Lober Dobson & Desai LLC
Attorneys at Law
Atlanta | Macon



Like many other issues in the law, as a small business owner, you are far better off knowing what you are up against, rather than learning how to tackle the issue once you have been hit with a law suit. The Americans with Disabilities Act went into effect on January 26, 1992 and effects both for-profit and non-for-profit organizations. You should be concerned about learning how the ADA applies to you if your business or organization falls under one of twelve separate categories of public accommodation, including:

  • Stores and Shops
  • Restaurants and Bars
  • Service Establishments
  • Theaters
  • Hotels
  • Recreation Facilities
  • Museums
  • Schools

The ADA went into effect over 15 years ago, yet many small business owners are not aware of what the Act entails or requires. Unfortunately, many small businesses have learned the hard way in recent years as there are a growing number of organizations and individuals who are bringing suit against these small business establishments for not being in compliance with ADA guidelines. The ADA applies to facilities built from 1993 onwards and also to those facilities that were modified after early 1992.

However, if your facility was built prior to 1993, you are not exempt from the ADA standards. Instead, you are still required to make modifications per the Act but the requirements for doing so are less strict. The types of “physical barriers” you must remove if you are an older facility depend heavily on what types of changes are “readily achievable” by you as the business owner. Readily achievable means the changes required by the ADA can be achieved by you without too much difficulty or expense. For more information on what ADA regulations you must abide by, you should contact a local ADA expert or consultant for advice.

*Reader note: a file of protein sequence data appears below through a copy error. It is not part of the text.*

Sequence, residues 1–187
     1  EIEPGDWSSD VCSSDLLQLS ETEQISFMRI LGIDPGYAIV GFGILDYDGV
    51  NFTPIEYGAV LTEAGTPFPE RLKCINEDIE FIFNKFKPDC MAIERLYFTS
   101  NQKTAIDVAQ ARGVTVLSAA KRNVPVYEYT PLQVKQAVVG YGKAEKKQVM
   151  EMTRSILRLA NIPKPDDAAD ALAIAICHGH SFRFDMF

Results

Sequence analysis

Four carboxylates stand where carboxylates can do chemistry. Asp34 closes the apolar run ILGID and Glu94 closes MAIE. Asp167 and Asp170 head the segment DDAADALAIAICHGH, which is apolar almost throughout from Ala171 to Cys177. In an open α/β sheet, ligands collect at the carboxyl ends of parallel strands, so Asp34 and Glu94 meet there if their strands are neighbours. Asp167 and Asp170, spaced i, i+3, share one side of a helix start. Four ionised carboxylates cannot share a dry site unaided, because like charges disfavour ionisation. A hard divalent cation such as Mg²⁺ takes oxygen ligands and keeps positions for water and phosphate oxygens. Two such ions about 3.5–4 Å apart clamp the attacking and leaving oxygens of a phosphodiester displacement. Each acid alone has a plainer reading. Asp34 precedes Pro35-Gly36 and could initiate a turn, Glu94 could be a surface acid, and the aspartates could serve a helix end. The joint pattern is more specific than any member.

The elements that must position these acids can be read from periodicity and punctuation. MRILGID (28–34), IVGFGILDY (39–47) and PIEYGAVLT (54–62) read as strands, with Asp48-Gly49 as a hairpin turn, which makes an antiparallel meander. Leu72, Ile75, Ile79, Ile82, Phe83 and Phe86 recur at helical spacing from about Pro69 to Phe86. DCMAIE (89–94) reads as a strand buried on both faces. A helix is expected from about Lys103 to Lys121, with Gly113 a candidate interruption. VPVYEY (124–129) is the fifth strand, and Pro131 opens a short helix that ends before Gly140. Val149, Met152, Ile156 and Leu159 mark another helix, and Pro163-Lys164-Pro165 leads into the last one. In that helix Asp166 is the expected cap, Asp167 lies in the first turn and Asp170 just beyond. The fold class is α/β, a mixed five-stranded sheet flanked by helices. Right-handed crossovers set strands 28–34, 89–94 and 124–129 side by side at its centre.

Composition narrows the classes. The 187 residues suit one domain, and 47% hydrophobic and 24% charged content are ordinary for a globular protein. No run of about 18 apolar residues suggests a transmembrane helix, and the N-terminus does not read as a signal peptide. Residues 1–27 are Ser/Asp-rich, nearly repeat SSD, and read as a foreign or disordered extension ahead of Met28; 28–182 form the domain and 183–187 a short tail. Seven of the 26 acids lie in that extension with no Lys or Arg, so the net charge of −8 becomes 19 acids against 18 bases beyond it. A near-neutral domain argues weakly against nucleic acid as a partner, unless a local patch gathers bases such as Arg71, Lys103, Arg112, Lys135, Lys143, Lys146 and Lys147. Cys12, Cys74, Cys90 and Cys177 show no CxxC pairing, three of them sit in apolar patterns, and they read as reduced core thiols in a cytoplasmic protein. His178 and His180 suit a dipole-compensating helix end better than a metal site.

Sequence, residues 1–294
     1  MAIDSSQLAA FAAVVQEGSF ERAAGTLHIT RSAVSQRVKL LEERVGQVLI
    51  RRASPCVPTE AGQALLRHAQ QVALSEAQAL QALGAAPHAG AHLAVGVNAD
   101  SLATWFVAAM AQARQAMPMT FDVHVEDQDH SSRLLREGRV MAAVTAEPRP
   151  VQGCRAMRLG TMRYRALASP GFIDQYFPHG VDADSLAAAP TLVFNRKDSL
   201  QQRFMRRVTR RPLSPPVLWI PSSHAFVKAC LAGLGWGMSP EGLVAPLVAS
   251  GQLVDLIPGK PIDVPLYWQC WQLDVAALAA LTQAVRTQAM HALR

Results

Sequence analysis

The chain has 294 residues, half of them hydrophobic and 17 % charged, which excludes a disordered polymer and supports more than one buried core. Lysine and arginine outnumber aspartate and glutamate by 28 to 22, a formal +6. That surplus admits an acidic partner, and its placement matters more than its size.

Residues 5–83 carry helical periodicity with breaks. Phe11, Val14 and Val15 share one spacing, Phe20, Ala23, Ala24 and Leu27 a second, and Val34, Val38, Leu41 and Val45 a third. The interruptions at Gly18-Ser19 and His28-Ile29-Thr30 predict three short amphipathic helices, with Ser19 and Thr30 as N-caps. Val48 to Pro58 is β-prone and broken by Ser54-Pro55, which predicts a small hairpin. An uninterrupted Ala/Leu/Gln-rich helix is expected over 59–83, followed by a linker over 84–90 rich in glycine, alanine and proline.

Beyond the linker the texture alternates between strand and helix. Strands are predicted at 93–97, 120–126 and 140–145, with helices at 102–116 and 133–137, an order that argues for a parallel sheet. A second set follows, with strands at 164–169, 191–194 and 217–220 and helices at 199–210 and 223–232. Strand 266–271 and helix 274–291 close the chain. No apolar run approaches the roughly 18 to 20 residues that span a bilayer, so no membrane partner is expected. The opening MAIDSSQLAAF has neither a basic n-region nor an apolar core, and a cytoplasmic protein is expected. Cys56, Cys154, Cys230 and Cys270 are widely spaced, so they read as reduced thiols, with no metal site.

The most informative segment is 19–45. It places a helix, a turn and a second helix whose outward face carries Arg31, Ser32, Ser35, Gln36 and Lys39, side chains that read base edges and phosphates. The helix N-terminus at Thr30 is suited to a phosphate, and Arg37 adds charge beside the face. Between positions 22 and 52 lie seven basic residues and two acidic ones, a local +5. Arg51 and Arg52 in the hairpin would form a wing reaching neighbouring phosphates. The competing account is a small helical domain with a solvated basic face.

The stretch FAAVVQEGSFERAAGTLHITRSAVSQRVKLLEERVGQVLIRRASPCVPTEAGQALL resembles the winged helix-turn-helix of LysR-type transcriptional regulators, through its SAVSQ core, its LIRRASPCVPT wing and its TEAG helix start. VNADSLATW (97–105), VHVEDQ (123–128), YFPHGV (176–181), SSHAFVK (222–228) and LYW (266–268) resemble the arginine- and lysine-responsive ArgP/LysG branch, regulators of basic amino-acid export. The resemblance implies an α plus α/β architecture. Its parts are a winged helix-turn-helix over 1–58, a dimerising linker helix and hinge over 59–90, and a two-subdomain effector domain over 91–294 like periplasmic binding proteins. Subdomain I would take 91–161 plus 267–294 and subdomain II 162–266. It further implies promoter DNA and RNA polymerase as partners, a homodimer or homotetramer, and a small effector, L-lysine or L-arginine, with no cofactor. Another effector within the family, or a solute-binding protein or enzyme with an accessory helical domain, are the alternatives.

The Act’s purpose is to prohibit the exclusion of people with disabilities from enjoying everyday activities. The most costly areas that the Act regulates are for removal of architectural barriers which includes:

  • Having Enough Parking Spaces for Those in Wheelchairs
  • Ramps to Access Areas Inside or Outside of the Facility
  • Wide Aisles in Stores and Other Establishments to Allow Wheelchairs Access
  • Lower Counters
  • Wheelchair Accessible Restrooms
  • Accessible Entrances

While, the ADA standards are strict, they are not all costly. There are some simple measures a business owner can take to be more compliant with ADA regulations including putting handicap accessible signs near restrooms; offering menus in Braille or having employees available to explain items on a menu or products at a store to those who are visually impaired; widening paths so that they are wheelchair accessible; changing door handles; adding grab bars in restrooms, etc.

Not only will a business owner steer clear of legal trouble by abiding with ADA regulations, but the business will also be able to cater to those disabled clients that would be prohibited from enjoying the services of that business without the removals of barriers and other minor changes. Finally, as an additional incentive, the federal government has established certain tax deductions and credits that may be available for making properties ADA compliant.

If you were uninformed about the ADA guidelines and have been sued due to the inaccessible nature of your facility, contact an attorney immediately. Even if you think you can settle the case, you may be responsible for the attorney’s fees incurred by the other party, which are often in the tens of thousands.

For additional information regarding whether your business falls under the requirements of the ADA or what types of changes may be necessary to your facility, there are a number of outlets that offer information and additional resources.

The Department of Justice has a toll free ADA informational line (800-514-0031) and a website

You can also look to the “ADA Standards for Accessible Design” as a guide




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